> Note that the current implementation in 0.20 does not provide the second guarantee described above.
          > A byte saw by a reader become invisible when the replica it read from fails. Even when the replica that
          > a reader is reading from is alive, the recovery of an error caused by another replica in the pipeline may
          > remove a byte saw by a reader temporary from dfs but recover the byte later. A removed byte may never
          > get recovered if the writer dies or the writer does not have this byte any more.

          Yes, this is what HADOOP-4379 is trying to address with Doug Cutting's comment:

          > Doug Cutting added a comment - 26/Jan/09 11:20 AM
          >
          >I think it would be better to add a SequenceFile.Writer method that flushes and calls
          > FSDataOutputStream.sync. The problem is that SequenceFile.Writer#sync() should
          > probably be called flush(), not sync(), but that'd be hard to change. So perhaps we
          > should add a SequenceFile.Writer#syncFs() method?

          Show
          Jim Kellerman added a comment - > Hairong Kuang added a comment - 18/May/09 03:53 PM > Note that the current implementation in 0.20 does not provide the second guarantee described above. > A byte saw by a reader become invisible when the replica it read from fails. Even when the replica that > a reader is reading from is alive, the recovery of an error caused by another replica in the pipeline may > remove a byte saw by a reader temporary from dfs but recover the byte later. A removed byte may never > get recovered if the writer dies or the writer does not have this byte any more. Yes, this is what HADOOP-4379 is trying to address with Doug Cutting's comment: > Doug Cutting added a comment - 26/Jan/09 11:20 AM > >I think it would be better to add a SequenceFile.Writer method that flushes and calls > FSDataOutputStream.sync. The problem is that SequenceFile.Writer#sync() should > probably be called flush(), not sync(), but that'd be hard to change. So perhaps we > should add a SequenceFile.Writer#syncFs() method?
          Hide
          Jim Kellerman added a comment -

          The problem we need to solve is:

          • process writing a file crashes after doing some sync() operations
          • another process knows that the writer has crashed and needs to
            • recover the lease (immediately)
            • be able to read all the data up to the last sync()

          Of the APIs described in the following email, from Sanjay below, APIs 1-2 are are inadequate, API3 is ok provided HDFS does not fail. API4 works if the datanode(s) fail but not if the machine crashes. Only API5 will guarantee that we can read the data that has been sync'd.

          > From: Sanjay Radia sradia@yahoo-inc.com
          > Sent: Thursday, May 14, 2009 1:46 PM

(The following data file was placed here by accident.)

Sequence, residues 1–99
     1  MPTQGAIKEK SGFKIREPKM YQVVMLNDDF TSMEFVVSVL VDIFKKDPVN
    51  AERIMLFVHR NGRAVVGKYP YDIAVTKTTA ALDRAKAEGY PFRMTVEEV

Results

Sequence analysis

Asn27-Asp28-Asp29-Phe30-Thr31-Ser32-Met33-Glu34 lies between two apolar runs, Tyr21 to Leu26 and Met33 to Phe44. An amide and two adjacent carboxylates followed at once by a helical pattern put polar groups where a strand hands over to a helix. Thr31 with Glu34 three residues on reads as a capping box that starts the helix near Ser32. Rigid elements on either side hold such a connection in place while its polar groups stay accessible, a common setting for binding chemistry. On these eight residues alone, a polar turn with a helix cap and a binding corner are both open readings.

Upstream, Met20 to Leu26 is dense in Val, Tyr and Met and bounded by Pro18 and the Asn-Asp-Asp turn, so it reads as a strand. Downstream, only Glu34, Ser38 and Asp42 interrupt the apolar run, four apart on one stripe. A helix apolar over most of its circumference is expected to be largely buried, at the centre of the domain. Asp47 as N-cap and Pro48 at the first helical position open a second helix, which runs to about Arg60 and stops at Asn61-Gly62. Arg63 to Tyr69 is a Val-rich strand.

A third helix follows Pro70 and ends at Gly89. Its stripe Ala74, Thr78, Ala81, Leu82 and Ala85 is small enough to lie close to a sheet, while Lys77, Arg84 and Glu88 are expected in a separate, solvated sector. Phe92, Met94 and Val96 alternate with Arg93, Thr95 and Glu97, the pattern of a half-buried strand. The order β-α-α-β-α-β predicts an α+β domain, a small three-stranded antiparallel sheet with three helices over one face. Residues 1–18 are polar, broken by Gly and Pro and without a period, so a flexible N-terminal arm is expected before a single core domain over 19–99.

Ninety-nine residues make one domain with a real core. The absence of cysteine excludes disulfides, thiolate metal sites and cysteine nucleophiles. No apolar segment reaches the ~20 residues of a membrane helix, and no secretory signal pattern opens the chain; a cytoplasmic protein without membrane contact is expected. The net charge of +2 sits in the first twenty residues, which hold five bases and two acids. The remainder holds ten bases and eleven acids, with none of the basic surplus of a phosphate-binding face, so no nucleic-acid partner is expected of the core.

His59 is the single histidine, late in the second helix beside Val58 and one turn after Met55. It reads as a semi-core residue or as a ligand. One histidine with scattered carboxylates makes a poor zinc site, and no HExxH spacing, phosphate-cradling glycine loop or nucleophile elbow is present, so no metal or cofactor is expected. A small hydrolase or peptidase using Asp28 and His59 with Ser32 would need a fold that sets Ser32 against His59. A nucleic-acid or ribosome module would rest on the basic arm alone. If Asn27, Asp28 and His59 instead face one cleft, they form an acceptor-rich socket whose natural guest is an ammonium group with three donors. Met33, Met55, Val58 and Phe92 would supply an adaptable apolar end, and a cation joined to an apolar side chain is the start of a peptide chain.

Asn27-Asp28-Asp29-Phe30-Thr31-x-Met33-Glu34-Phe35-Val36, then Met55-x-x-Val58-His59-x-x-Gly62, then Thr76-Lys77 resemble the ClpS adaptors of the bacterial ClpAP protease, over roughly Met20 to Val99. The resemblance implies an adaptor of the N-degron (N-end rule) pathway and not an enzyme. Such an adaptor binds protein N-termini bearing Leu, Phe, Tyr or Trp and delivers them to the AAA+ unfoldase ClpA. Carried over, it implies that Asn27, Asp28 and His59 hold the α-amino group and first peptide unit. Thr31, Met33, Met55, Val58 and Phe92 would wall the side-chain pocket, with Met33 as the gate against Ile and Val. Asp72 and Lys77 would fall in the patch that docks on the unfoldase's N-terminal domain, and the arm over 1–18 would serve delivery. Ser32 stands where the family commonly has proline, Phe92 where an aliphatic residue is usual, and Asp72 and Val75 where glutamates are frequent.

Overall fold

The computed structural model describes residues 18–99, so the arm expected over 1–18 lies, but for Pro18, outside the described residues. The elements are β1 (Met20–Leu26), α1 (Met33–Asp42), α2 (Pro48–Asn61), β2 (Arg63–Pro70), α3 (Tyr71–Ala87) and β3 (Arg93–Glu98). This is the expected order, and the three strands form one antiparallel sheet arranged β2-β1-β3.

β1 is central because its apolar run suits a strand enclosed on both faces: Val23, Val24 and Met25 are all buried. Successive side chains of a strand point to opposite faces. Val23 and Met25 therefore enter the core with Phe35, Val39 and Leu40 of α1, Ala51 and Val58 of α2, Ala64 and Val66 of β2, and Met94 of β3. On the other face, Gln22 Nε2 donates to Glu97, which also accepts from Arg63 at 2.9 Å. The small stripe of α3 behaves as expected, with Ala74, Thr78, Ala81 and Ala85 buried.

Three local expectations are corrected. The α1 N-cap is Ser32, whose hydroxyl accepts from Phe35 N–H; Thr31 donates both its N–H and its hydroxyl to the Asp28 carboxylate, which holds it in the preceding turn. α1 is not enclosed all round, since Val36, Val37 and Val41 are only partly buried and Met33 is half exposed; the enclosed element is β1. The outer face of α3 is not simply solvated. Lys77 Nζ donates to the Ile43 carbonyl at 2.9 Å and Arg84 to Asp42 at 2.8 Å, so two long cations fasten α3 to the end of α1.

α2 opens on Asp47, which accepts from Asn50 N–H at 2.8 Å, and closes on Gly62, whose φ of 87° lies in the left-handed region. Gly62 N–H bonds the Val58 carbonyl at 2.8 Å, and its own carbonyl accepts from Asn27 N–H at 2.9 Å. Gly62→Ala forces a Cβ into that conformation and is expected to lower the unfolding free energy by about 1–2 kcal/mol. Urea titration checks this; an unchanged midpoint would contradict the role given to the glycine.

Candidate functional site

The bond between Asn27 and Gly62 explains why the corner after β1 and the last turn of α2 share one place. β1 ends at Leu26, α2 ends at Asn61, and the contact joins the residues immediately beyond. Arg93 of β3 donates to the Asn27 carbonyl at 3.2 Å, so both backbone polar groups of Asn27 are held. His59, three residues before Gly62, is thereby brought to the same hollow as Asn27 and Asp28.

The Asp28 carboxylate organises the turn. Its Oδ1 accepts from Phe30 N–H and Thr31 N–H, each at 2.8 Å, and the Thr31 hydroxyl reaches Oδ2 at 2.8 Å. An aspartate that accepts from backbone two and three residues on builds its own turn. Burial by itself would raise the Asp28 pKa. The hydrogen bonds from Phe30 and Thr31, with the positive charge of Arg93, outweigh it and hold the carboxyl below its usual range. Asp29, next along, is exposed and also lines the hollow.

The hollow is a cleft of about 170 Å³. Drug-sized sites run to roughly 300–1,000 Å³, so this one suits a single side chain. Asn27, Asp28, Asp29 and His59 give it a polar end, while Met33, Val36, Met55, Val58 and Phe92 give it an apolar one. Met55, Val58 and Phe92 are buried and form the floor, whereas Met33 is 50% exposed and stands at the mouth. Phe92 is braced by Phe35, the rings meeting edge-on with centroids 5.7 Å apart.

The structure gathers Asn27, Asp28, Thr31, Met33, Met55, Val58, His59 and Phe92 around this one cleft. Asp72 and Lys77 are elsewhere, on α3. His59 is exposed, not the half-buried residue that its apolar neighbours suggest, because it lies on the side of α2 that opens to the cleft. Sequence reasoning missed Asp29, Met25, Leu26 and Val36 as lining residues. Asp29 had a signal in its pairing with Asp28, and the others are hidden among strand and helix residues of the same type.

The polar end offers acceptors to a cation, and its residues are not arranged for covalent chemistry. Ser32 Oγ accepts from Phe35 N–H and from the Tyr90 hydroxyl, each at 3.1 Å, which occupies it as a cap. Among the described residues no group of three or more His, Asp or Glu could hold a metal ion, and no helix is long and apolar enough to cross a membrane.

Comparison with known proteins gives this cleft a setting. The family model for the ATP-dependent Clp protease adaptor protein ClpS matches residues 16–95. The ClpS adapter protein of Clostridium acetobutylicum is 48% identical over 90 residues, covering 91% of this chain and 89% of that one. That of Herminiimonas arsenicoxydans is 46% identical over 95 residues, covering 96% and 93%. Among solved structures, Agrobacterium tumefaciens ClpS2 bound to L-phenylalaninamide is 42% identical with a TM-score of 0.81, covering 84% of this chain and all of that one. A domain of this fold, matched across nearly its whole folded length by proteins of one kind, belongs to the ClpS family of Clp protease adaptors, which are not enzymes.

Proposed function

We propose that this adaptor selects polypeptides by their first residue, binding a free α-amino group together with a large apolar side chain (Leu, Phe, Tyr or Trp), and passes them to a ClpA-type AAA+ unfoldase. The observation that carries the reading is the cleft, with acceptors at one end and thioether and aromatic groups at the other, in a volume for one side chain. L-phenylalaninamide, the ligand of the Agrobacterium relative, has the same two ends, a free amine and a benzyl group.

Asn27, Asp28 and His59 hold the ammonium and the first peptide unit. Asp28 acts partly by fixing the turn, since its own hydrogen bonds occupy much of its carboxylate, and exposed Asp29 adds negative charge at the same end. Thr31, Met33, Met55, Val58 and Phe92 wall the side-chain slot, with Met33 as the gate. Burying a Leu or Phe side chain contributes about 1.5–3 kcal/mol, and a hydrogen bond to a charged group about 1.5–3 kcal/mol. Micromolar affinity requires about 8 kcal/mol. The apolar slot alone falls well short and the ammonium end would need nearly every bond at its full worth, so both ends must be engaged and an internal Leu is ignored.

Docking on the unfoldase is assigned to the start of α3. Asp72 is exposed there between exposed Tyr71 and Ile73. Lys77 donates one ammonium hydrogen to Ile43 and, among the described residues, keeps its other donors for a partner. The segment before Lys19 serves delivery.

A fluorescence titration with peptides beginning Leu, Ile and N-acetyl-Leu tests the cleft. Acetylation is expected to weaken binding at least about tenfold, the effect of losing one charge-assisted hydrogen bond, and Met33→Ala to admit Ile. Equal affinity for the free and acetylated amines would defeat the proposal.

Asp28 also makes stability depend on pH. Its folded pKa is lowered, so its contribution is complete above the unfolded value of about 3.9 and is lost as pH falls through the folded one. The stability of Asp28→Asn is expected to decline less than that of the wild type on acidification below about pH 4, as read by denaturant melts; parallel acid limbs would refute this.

> To: Jim Kellerman (POWERSET)
          > Cc: Michael Stack; Chad Walters; Dhruba Borthakur; Sameer Paranjpye; Hairong Kuang; Robert Chansler
          > Subject: Re: Append, flush, sync write and HBase
          >
          >> On May 13, 2009, at 1:20 PM, Jim Kellerman (POWERSET) wrote:
          >>
          >> What we need are two things:
          >>
          >> 1. When we call sync() we want to be assured that any buffered data can be read by another process
          >
          > Actually I wanted to have a larger discussion to understand your
          > current and future requirements on append/flush/sync also on latency
          > of HDFS. I am trying to document current and future
          > requirements. Which is why I wanted to do a quick chat on the phone. I
          > will try this via email for now.
          >
          > BTW Hairong @ Y! is driving the re-implementation of append. See
          > HADOOP-5744. She has defined the semantics she is considering. Please
          > comment whether you agree or disagree.
          >
          > We are also looking at variation on semantics that may have lower
          > latencies and lesser guarantees. We would like to get your initial
          > feedback. Eventually we will update the Jira when we have semantics
          > and apis better formulated.
          >
          > Below is a list of APIs/semantics variations we are considering.
          > Which ones do you absolutely needed for HBase in the short term and
          > which ones may be useful to HBase in the longer term.
          >
          > API1: flushes out from the address space of client into the socket to the data nodes.
          >
          > On the return of the call there is no guarantee that that data is
          > out of the underlying node and no guarantee of having reached a
          > DN. Readers will see this data soon if there are no failures.
          >
          > For example, I suspect Scribe and chukwa will like the lower
          > latency of this API and are prepared to loose some records
          > occasionally in case of failures. Clearly a journal will not find
          > this api acceptable.
          >
          > API2: flushes out to at lease one data node and receives an ack.
          >
          > New readers will eventually see the data
          >
          > API3: flushes out to all replicas of the block. The data is in the buffers of the DNs but not on the DN's OS buffers
          >
          > New readers will see the data after the call has returned. (Hadoop